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OSCE leaders and anti-trafficking experts underscore need to rethink prevention methods to address evolving trafficking tactics

VIENNA, 16 April 2024 – At the 24th Conference of the Alliance against Trafficking in Persons, OSCE leaders and anti-trafficking experts called on the 57 OSCE participating States to move beyond awareness-raising campaigns, underscoring the urgent need to re-evaluate prevention efforts in the face of evolving trafficking tactics.  

With participation from national authorities, international and civil society organizations, and the private sector, the annual Alliance conference is a landmark event within the global anti-trafficking community.

In his opening remarks, Chair-in-Office of the OSCE and Foreign Minister of Malta Ian Borg stated, “Malta is prioritizing combating trafficking in persons for our Chairpersonship of the OSCE this year. Addressing this significant threat to our security begins with the political will that is necessary to develop robust systems that empower the vulnerable members in our societies.” Underscoring the need for a joint effort to overcome this widespread issue, Chair-in-Office Borg added, “These challenges cannot be tackled by one participating State alone. As Chair of the OSCE, Malta remains committed to enhancing our collective OSCE efforts to effectively prevent this heinous crime.”

This year, there was a strong focus on uncovering lesser-known forms of trafficking, such as trafficking for forced criminality and the resulting blurred lines between victim and perpetrator. The need to update prevention efforts to target the vulnerabilities traffickers exploit – gender, social and economic inequalities, and inherent and circumstantial vulnerabilities – in their trafficking tactics was also explored during the conference.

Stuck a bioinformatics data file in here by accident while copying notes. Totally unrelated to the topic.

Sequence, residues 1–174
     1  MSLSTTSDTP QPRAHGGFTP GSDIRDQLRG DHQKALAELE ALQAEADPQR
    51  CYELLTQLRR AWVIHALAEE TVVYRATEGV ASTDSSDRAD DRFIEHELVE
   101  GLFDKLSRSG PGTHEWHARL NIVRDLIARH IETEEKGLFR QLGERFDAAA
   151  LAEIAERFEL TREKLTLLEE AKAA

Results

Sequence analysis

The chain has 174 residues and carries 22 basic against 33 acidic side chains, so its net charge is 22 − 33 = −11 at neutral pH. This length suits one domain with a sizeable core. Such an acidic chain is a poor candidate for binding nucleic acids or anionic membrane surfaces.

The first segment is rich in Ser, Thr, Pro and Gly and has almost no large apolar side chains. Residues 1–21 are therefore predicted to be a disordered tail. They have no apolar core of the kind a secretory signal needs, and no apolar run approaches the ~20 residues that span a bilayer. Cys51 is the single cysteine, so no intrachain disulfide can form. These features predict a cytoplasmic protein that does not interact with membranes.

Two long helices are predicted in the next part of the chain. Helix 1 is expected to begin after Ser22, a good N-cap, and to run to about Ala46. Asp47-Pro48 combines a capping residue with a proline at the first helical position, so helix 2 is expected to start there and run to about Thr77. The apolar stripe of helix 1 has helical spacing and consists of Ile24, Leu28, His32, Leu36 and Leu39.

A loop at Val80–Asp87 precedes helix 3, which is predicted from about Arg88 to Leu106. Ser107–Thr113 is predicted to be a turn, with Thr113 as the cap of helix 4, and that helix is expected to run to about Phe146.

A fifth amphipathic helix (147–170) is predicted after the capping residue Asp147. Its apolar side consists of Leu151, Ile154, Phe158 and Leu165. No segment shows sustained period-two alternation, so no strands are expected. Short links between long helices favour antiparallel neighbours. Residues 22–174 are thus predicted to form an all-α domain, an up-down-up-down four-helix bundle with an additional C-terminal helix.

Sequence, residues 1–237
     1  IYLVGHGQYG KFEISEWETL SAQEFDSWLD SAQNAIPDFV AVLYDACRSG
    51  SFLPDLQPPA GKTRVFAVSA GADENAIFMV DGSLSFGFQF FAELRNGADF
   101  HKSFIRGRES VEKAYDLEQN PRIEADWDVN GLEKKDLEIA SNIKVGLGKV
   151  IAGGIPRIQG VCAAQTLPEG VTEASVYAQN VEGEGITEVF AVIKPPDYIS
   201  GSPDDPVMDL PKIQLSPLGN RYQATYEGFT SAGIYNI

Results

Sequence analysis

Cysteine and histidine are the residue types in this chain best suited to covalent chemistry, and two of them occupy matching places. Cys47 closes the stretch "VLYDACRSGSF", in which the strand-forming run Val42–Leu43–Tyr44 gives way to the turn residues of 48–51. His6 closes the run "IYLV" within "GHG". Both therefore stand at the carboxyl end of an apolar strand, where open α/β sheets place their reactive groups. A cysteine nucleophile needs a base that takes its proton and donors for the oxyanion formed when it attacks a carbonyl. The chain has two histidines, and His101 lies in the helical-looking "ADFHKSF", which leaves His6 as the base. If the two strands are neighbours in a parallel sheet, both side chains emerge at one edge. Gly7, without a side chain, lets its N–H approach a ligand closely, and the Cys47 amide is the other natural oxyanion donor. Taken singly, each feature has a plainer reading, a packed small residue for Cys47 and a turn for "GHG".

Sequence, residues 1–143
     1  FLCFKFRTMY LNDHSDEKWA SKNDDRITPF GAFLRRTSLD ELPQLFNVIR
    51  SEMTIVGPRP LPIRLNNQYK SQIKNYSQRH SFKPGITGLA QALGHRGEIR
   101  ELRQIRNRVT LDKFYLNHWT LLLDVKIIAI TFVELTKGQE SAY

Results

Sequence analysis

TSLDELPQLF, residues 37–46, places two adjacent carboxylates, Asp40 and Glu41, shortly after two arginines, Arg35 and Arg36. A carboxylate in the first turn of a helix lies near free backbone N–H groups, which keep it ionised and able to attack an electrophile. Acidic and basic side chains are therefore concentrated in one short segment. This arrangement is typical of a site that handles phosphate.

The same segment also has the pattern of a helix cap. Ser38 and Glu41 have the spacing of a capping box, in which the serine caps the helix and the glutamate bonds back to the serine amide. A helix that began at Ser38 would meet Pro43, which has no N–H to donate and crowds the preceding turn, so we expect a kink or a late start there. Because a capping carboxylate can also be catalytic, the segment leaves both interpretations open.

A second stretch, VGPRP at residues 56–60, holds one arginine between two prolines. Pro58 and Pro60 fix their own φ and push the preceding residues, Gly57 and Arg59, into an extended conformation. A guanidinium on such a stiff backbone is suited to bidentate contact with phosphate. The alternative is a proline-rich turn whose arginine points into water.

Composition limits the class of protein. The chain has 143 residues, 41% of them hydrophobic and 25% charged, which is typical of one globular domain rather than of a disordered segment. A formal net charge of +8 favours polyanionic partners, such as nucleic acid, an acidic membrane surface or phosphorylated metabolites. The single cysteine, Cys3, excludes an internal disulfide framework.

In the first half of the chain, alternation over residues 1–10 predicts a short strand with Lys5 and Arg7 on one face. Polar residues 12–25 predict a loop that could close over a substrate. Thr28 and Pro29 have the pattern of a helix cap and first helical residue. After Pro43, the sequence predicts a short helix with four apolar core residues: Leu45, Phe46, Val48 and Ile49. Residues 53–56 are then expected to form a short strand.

“If we are to ever defeat trafficking, and this undoubtedly must be our shared ambition, effective approaches to prevention must be the bedrock upon which our anti-trafficking efforts are built,” said OSCE Secretary General Helga Maria Schmid. “Preventing trafficking in human beings from taking place is the best way to truly protect vulnerable groups and deprive traffickers of the illicit proceeds the crime generates.”

During panels and break-out sessions, participants discussed concrete ways to reshape trafficking prevention. These include bridging the gap between data and action, as well as measures that can put a stop to human trafficking in its existing forms while also preventing the emergence of new forms of trafficking. With survivor experts on each panel, the conference also underscored the importance of integrating the expertise of those with lived experience of human trafficking to improve and innovate effective prevention measures.

“Traffickers prey on the marginalized and most vulnerable. But we are witnessing an emerging trend where the demographic profile of trafficking victims is also expanding, at pace with the digital developments in which we are living,” said Dr. Kari Johnstone, OSCE Special Representative and Co-ordinator for Combating Human Trafficking. “We are witnessing an evolution of trafficking where it intersects or even merges with other crimes such as drugs, or fraud and scams where perpetrators are disguised behind victims.”

More than 800 participants from the OSCE region and beyond registered for this year’s Alliance conference, with a record-breaking 481 in-person registrations, underscoring the continued impact and relevance of the OSCE’s anti-trafficking work.

More information about the 24th Conference of the Alliance against Trafficking in Persons can be found here